Reports of a new COVID variant dubbed Omicron took a toll on stock and crypto this week, briefly pulling the price of Bitcoin down to $53,500 yesterday, and the price of Ethereum to $3,933.
Within a few hours, Bitcoin sank almost 9%. The last time the world’s largest cryptocurrency fell to such lows was on October 7.
Ethereum also started yesterday at $4,400, meaning its brief losses amounted to around 10% of its market value. The coin has since recouped almost half of its losses and trades at $4,123 at the time of writing.
On Monday, Bitcoin was 12.4% down from the previous week as concerns over the United States’ $1.2 trillion infrastructure bill mounted.
The bill introduces new tax reporting requirements for a variety of different custodial crypto services, including exchanges like Coinbase and Binance US, who are now considered “brokers”.
They’ll now have to regularly provide the government with 1099 forms disclosing the names and addresses of their users making transactions. Non-custodial wallets, too, could be considered brokers under the new regulation, posing difficult questions about the types of data they collect from customers.
However, Bitcoin and the wider crypto market may have caught a break in DC earlier this week. Yesterday, five Democratic senators said they will not vote for the White House’s preferred nominee of crypto critic Saule Omarova to the Office of the Comptroller of the Currency (OCC), a role which would make her the chief bank regulator in the country.
The opposition to Omarova’s candidacy has little to do with her stance on crypto, though. While the five senators’ offices declined to comment further on their rejection, Omarova’s academic history of publishing hard leftist ideas about tougher bank regulations was brought up in a defamatory hearing in which Senator John Kennedy questioned whether to call the Kazakh-American economist a “professor” or a “comrade”.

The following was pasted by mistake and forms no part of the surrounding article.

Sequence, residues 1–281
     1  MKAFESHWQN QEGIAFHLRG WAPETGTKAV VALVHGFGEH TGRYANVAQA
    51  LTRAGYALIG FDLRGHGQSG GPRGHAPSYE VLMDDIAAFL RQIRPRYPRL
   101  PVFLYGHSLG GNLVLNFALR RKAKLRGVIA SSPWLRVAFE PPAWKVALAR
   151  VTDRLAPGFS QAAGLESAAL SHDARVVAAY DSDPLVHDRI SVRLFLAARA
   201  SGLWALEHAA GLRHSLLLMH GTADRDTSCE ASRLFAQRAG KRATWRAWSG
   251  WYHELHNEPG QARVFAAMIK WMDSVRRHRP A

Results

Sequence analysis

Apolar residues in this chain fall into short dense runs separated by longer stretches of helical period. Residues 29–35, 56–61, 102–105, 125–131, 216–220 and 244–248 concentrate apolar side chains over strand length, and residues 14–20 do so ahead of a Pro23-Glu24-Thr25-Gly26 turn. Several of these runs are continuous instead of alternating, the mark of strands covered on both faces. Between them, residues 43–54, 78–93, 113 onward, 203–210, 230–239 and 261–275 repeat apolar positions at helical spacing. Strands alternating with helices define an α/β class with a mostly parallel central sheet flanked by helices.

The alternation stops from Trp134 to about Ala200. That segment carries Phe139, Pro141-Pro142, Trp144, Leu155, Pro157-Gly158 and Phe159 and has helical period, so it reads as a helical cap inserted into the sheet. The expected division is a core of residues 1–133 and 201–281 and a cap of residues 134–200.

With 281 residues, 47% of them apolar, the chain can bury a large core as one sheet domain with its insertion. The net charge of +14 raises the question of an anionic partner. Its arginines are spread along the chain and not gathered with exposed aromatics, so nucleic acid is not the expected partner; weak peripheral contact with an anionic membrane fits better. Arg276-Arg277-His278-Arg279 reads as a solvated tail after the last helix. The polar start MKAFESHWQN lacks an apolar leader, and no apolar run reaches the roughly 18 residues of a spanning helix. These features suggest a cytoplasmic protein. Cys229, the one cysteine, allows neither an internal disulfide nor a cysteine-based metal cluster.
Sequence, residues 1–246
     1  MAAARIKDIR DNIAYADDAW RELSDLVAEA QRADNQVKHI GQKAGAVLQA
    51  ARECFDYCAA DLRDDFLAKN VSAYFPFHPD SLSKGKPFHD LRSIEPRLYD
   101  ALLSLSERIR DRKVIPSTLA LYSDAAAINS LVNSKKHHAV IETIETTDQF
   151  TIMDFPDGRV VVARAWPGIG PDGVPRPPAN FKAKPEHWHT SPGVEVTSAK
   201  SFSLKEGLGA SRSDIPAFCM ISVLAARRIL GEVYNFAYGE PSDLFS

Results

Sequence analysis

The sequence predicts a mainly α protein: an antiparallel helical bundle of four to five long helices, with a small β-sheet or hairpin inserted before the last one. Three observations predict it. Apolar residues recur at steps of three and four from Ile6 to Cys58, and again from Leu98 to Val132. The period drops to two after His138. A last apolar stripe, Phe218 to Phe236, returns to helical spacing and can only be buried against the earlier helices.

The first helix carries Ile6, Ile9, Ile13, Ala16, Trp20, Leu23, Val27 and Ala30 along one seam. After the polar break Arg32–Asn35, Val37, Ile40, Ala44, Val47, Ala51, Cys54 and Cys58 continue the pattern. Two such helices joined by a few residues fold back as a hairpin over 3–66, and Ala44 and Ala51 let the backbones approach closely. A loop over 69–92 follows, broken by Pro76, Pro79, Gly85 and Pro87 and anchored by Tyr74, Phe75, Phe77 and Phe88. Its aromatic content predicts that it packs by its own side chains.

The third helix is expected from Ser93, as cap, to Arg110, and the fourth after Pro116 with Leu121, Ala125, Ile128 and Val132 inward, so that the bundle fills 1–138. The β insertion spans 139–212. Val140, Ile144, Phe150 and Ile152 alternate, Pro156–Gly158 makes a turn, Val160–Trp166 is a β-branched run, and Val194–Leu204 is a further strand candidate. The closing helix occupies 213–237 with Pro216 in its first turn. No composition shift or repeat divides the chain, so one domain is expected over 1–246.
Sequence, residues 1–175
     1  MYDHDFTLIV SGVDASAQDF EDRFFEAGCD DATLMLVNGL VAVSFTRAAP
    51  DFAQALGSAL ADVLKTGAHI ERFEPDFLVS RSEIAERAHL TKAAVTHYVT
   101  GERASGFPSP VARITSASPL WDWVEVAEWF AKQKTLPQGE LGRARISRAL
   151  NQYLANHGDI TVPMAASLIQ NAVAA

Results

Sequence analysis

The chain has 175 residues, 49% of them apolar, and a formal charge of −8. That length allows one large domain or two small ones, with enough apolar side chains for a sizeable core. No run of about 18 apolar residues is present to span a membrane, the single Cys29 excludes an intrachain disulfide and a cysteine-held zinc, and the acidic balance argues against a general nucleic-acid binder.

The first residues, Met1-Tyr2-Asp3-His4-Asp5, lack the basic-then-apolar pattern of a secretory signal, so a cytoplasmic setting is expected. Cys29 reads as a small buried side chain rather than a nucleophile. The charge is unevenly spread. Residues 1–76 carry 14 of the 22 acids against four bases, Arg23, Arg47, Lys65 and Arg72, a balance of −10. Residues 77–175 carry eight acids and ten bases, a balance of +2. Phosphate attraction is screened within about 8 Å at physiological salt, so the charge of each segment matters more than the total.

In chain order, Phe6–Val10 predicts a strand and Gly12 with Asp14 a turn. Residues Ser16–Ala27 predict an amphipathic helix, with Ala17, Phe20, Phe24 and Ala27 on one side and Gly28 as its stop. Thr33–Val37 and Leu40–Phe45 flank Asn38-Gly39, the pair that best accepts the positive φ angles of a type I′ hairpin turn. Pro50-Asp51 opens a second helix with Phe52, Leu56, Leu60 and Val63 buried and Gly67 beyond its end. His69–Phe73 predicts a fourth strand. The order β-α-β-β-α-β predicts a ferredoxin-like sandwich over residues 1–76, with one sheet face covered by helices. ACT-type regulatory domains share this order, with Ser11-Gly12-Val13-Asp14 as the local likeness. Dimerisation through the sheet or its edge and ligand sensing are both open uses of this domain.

The altcoin digest
Few altcoins could escape the downturn this weekend. Global crypto markets turned bearish as the market leaders fell. However, some cryptocurrencies managed to stay afloat and even thrive.
ConstitutionDAO was a hot topic earlier this month. The DAO was formed on Zoom after a group of crypto enthusiasts banded together to raise funds to buy a first-edition copy of the US constitution that was being auctioned through Sotheby’s. They raised around $45 million before losing the auction to anti-crypto Citadel CEO Ken Griffin.
On Tuesday, the DAO announced that it was closing operations. By Thursday, the price of PEOPLE tokens had rallied over 200% in 24 hours as people began to return them to get refunded in Ethereum. The returned PEOPLE tokens were burned, thus contracting the supply and driving the price upwards.
On Wednesday, Cardano sank to its lowest price since August after trading platform eToro announced it will no longer enable purchases of ADA after Christmas day due to "business-related considerations in the evolving regulatory environment." On the same day, Ethereum-based metaverse tokens MANA and SAND set new all-time highs.
Yesterday, Basic Attention Token (BAT) defied the market slump and grew 10% overnight to set a new all-time high of $1.85. BAT is the native token of the Brave privacy browser, which is a unique blockchain-based way of monetizing users’ attention to online advertising in a system that rewards users, advertisers and content creators for engaging readers.
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